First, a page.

Overdose Do’s & Don’ts

By following the guidelines given below, you should be less likely to overdose yourself,  and more likely to help someone else stay alive until the ambulance arrives if they overdose (OD). And remember, it’s not just the "hard gear" (Heroin etc) users who "go over" either, things like over-doing the water while using Exctasy can kill you and so can too much speed.

Dial 111 (or whatever your emergancy services number is if outside of New Zealand) immediately - Do not be afraid to call an ambulance.

In New Zealand the paramedics will not involve the police unless they feel threatened, are prevented from doing their job or if someone dies. Their job is to save lives, nothing else, let them get on with it! People OD every day, and the difference between living to hit up or snort again another day and a funeral can be as simple as knowing a few basics on what to do when someone "goes over".

Over Dosing On Narcotics & Downers

About two-thirds of fatal OD’s occur at home when the person is on their own. Also, most deaths occur when the person either hasn’t used for a while and gets back into it again, forgetting that their tolerance has dropped (this can happen within only a matter of days), and/or they use other substances on top of it, such as alcohol and benzo’s (benzodiazapine, i.e Valium, Temazepam etc).
Remember, don't mix downers and opiates. That also applies to alcohol and opiates/benzo's as well. And never mix all three of them together, your just asking for trouble.
There were three severe overdose cases in Wellington within a couple of months at the end of 2009 where opiate's and benzo's were mixed together. Two of them died, so use your common sense and you should live to blast another day.

What can happen?

The person might lose consciousness (pass out) and stop breathing. They may vomit and choke. This can lead to death. And it can all happen slowly and not be noticed. If the person does not respond to shaking or calling their name, they have not simply "nodded off" or fallen asleep. They are unconscious and need urgent medical help.

What to do

* Have a small amount first – you can always put more in but you can’t take it out once it’s there.
* Call an ambulance (Dial 111) if you think someone has OD’ed.
* Don't
dump your mate in a phone box and bugger off (how would you like it if they did that to you).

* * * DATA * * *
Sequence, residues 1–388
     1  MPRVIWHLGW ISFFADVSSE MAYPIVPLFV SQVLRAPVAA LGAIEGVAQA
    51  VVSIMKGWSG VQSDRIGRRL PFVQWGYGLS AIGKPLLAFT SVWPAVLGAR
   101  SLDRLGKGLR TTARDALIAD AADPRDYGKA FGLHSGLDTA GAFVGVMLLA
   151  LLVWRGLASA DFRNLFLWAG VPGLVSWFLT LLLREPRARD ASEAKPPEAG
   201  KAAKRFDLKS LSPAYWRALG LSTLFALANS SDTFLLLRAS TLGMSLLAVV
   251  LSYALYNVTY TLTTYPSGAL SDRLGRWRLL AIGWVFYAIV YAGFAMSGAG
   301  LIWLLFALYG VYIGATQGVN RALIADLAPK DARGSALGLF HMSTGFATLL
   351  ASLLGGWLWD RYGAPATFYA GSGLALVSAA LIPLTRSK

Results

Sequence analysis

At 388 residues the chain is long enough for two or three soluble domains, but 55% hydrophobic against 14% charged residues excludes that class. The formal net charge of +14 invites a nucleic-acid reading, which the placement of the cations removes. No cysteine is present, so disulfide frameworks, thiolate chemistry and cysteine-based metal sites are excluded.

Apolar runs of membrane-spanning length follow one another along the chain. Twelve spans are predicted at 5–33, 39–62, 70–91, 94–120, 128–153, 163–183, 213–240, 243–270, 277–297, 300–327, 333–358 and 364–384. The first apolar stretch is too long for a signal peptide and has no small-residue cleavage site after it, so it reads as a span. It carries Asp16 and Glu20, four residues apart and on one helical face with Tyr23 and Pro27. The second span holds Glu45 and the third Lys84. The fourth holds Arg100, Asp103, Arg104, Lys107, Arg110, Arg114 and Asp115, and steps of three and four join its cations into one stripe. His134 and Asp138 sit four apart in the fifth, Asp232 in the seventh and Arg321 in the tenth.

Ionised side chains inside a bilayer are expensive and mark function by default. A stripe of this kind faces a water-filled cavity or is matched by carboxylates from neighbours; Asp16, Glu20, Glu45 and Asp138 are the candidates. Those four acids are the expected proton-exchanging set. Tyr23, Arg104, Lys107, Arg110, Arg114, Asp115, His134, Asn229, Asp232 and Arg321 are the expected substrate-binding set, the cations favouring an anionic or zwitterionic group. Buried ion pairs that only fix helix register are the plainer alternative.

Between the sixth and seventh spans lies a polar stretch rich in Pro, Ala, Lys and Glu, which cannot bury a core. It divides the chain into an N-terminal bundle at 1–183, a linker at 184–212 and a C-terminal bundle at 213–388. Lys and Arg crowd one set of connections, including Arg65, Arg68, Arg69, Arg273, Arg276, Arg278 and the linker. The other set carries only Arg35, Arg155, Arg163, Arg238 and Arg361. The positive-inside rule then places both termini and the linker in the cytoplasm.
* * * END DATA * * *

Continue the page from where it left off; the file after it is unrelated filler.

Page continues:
Over Dosing On Fast Drugs

In the same way that the effects of narcotics are different from speed, the effects of a stimulant overdose are different too.

What can happen?

Too much of a stimulant drug, such as speed, coke, ecstasy etc. can lead to an asthma attack, heart attack, fits or strokes. Signs that someone may have overdosed on a stimulant drug include heart palpitations, shortness of breath, wheezing, fitting, severe headache, blurred vision, or they may collapse into unconsciousness.

What to do

*Use one drug at a time.
*Call an ambulance (Dial 111) if someone has any of the symptoms listed above.
*Don't use alone.
*Don't put anything in the mouth of someone who is having a fit, or restrain them by sitting on them.

If someone OD’s or collapses

Call an ambulance immediately (In N.Z Dial 111). The quicker you get on the phone after someone has collapsed or OD’ed, the greater their chance of survival. Learn how to recognise an overdose.

Do the following 

* CPR, if you know how, place the person in the recovery position and call an ambulance
* try to wake them (shake them, call their name).
* walk them around if they respond. If they can’t walk or stand, sit them up straight and keep them that way so that they can breathe easier
* check their pulse and breathing if they don’t respond
* start artificial respiration if they are not breathing (and if you know how)
* start cardiac massage if they have no pulse (feel at the neck).
* place them on their side in the recovery position. If they are unconscious (not responding) but are breathing and have a pulse.
* stay with them until the ambulance arrives to make sure they’re OK
* tell the paramedics exactly what has happened and what they’ve taken.

Don't do the following

* Don't try to bring them around by giving them coffee – they may choke or vomit or both
* Don't inject them with stimulants, salt water (or anything else!) to try to revive them
* Don't put them in a bath – they might drown and it won’t do them any good anyway
* Don't leave them to "sleep it off" – they may not wake up
* Don't hesitate to call an ambulance – their job is to save lives, not hassle users.

Want More Info?

Ask your local needle exchange. They’ll be able to give you lots more info on any of the topics mentioned above and may have brochures on some subjects. Your local pharmacist and/or medical centre will also have info on CPR and can tell you where to go for courses on how to do it. Go with a friend – it’s something we should all know how to do ‘cos the life that gets saved one day might just be yours.